When I wrote about the Oregon standoff trial this past Thursday, I did not mean to say much beyond pointing out one amusing parallel. The Swiss army man who, on behalf of the FBI, ran the occupiers’ shooting range introduced himself to the Bundy folk as “Killman.” Aliases rarely get more grotesquely gratifying – other than in adventure novels, such as The Barsac Mission by Jules and Michel Verne, in which a degenerate Englishman who calls himself Harry Killer lords over a desert city called Blackland.
It turns out that all the defendants in the Oregon trial have been acquitted of all charges, except one charge of theft on which the jury was deadlocked.
Three cheers for the jurors. They are one of the reasons America is great, after all, and an example to honest commoners elsewhere.
There’s already much lamentation and delicate-wristed hand-wringing in the commentary universe, with speech bubbles like “jury nullification” floating around, waiting to be punctured. Unsurprisingly, out-of-state media has largely ignored the last, possibly the most important day of the evidence phase. This time, I’m quoting from Oregon’s public broadcaster, OPB:
Earlier in the day, Fabio Minoggio — a government informant who went by the name “John Killman” at the refuge — testified about his role in the occupation.
“I was asked to oversee the shooting range”… He said he taught firearm safety and “proficient use of a firearm.”
The defense had identified Minoggio… as one of the 15 confidential informants the government said it used during the occupation.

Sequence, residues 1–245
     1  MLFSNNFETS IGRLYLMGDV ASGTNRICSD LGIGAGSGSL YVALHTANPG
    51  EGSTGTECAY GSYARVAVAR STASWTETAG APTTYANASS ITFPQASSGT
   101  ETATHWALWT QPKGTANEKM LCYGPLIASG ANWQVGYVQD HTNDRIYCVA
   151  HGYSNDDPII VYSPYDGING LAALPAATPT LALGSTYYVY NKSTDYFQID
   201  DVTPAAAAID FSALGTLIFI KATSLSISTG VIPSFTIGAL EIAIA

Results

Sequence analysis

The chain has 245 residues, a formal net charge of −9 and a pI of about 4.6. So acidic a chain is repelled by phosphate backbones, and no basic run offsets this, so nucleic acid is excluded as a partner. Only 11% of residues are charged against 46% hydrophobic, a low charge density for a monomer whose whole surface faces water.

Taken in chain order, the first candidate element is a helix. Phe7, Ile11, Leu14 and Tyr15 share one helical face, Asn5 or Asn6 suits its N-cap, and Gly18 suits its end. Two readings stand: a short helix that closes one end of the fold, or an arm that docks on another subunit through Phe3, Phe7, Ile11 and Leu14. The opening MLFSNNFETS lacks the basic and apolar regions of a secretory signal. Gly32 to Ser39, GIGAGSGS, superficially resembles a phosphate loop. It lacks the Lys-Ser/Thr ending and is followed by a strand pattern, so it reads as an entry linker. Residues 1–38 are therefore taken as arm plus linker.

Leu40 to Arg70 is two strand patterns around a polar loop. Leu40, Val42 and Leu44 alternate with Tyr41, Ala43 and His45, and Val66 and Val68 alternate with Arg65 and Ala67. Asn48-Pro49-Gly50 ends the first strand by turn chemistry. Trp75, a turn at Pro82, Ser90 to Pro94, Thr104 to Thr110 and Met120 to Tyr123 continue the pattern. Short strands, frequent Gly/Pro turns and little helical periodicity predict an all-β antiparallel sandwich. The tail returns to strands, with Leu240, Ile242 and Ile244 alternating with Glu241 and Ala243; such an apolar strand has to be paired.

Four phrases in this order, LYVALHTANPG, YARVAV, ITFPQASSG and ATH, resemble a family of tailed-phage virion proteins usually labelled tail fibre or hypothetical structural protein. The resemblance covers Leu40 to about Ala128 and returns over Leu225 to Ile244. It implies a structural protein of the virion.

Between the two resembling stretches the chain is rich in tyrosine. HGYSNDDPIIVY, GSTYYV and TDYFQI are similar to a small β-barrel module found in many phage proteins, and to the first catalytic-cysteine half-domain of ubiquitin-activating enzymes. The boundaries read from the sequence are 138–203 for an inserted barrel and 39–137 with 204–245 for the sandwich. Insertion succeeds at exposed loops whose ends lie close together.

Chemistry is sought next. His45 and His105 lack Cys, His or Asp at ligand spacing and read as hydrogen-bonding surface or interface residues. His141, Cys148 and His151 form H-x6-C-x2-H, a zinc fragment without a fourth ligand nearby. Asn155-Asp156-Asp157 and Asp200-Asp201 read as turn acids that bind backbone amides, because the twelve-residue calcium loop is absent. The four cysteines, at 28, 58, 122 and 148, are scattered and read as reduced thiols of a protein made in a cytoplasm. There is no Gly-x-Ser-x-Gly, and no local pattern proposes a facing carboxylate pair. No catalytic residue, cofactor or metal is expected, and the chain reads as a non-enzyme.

An important, yet unanswered, question is how many of those 15 were mere prosecution witnesses who agreed to testify after the standoff had ended, and how many were acting as government agents during the standoff. The greater the number of de-facto federal agents involved in a supposedly illegal activity, the greater the chance of their acting as agents provocateurs, provoking the unsuspecting others into breaking the law. But even if that number was one, limited to “Killman,” the government sending a Swiss Army expert to teach the disgruntled occupiers to shoot might have been an outrage serious enough for the jury to decide that the whole standoff had been caused by government infiltration and entrapment.
The final chapter of the trial, the post-verdict epilogue as it were, was also extraordinary, although in a negative sense. The federal marshals, disobeying the presiding federal judge, arrested Ammon Bundy’s lawyer straight in the courtroom:
Suddenly, a group of about six to seven U.S. Marshals, who had been either standing or seated around the perimeter of the courtroom, slowly moved in and surrounded Mumford at his defense table. The judge directed them to move back but moments later, the marshals grabbed onto him.
Such ugly scenes happen, occasionally, in Russian courtrooms as well as – I assume – all over the third world, but this was a federal court in the US. Not some God-forsaken small town where the judge and the assistant DA and the police chief are all buddies and the out-of-town lawyer comes across as a hostile alien set to destroy their fraternal idyll.
Margaret “Margie” Paris, a University of Oregon law professor and former dean, said she couldn’t believe what occurred when she learned of the confrontation.
“It just blows my mind,” Paris said. “To have a lawyer who’s making an argument in court physically restrained and taken down is extraordinary. He’s entitled to make these arguments. If he was repeating himself over and over, the more typical response is to hold him in contempt. But to physically accost him is just shocking.”
Maxine Bernstein did a great job covering the trial for The Oregonian/Oregon Live.